{ok, Buf_X} = numer_buffer:new(Ctx, float).
 numer_buffer:write(Buf_X, X).

BLAS GEMV example:

%  GEMV: y <- α op ( A ) x + β y
    {ok, Ctx} = numer_context:new(),
    A = [[4.0,6.0,8.0,2.0],[5.0,7.0,9.0,3.0]],
    _m = 2, %rows A
    _n = 4, %columns A
    _alpha = 1.0,
    _beta = 0.0,
    X = [2.0,5.0,1.0,7.0],
    Y = [0.0, 0.0], 
    {ok, Buf_A} = numer_buffer:new(Ctx, matrix, float, row_major, A),
    {ok, Buf_X} = numer_buffer:new(Ctx, float),
    numer_buffer:write(Buf_X, X),
    {ok, Buf_Y} = numer_buffer:new(Ctx, float),
    numer_buffer:write(Buf_Y, Y),
    ok = numer_blas:gemv(Ctx, no_transpose , _m, _n, _alpha, Buf_A, Buf_X, _beta, Buf_Y),
    {ok, [60.0,75.0]} = numer_buffer:read(Buf_Y),
    ok = numer_buffer:destroy(Buf_A),
    ok = numer_buffer:destroy(Buf_X),
    ok = numer_buffer:destroy(Buf_Y),
    ok = numer_context:destroy(Ctx).

Using "helpers" module

Since using buffer operations can make the code awkward to read, there is also a helper module - numer_helpers.erl, wich can be used for prototyping the algorithms. WARNING - do not use this module in iterative algorithms (e.g. Machine Learning). Use it for prototyping or one-off calculations with big matrices/vectors. Here is how:

    A = [[4.0,6.0,8.0,2.0],[5.0,7.0,9.0,3.0]],
    _alpha = 1.0,
    _beta = 0.0,
    X = [2.0,5.0,1.0,7.0],
    Res = numer_helpers:gemv(no_transpose , _alpha, A, X, _beta, []),
    ?assertEqual([60.0,75.0], Res).

It is much more readable and useful for one-off calculations, but in the ML "training" stage (with hundreds of iterations) it will be unusable, due to the multiple buffer transfers.

Machine Learning with Erlang & CUDA - "Logistic Regression"

There is an implementation of the Logistic Regression (without regularization) learning function with Gradient Descent optimization. Take a look at learn_buf() and gradient_descent() in the numer_logreg.erl module and run the eunit test:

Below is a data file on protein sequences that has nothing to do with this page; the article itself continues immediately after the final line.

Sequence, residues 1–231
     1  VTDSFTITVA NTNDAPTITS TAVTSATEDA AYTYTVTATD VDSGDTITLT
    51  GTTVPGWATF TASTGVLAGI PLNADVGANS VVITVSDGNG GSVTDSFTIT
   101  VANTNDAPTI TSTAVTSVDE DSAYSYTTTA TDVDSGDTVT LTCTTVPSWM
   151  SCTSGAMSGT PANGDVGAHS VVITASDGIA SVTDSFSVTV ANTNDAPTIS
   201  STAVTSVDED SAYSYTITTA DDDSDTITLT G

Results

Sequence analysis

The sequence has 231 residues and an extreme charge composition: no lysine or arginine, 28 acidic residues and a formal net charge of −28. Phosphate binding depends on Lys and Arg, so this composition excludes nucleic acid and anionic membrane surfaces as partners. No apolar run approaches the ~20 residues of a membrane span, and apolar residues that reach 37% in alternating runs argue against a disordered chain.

Windows 7, GPU - Quadro FX 1800M 1GB:

rebar eunit suites=numer_logreg_tests tests=learn_buf2_test

NOTICE: Using experimental option 'tests'
    Running test function(s):
======================== EUnit ========================
numer_logreg_tests: learn_buf2_test...test/numer_logreg_tests.erl:108:<0.187.0>:
[3.557 s] ok
  Test passed.

In learn_buf2_test() all the "buffers" needed are created upfront and passed to the NIFs in order to avoid multiple buffer creations and transfers during the iterations.

The same test with MacBook Pro, with GeForce 9400M 256 MB:

NOTICE: Using experimental option 'tests'
    Running test function(s):
======================== EUnit ========================
numer_logreg_tests: learn_buf2_test...test/numer_logreg_tests.erl:108:<0.197.0>: 
[0.430 s] ok
  Test passed.

The numer_ml.erl module contains a C++ implementation (via single NIF function) of Logistic Regression, while the numer_logreg.erl is using numer_blas.erl module. The first one I used to compare the speed between the "native" and "using NumEr modules" implementations. There is considerable difference between the two on Windows (using NumEr modules - 3.5 sec, using single NIF - under 1 sec) and almost no difference on Mac (both - under 0.5 sec).

The project is still a work in progress and needs a lot of polishing and if anyone is willing to give a hand I'll be more than happy. Any suggestions to improve the framework are also very welcome.